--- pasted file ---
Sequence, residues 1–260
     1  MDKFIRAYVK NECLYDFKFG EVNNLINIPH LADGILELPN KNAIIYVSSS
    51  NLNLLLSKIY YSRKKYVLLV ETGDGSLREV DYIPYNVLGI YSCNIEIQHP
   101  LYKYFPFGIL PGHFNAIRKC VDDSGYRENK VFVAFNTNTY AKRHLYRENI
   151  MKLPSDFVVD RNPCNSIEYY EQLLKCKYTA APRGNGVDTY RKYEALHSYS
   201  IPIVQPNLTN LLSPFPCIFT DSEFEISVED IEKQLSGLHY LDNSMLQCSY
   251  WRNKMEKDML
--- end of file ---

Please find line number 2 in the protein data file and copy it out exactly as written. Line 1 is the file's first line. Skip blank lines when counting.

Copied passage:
     1  MDKFIRAYVK NECLYDFKFG EVNNLINIPH LADGILELPN KNAIIYVSSS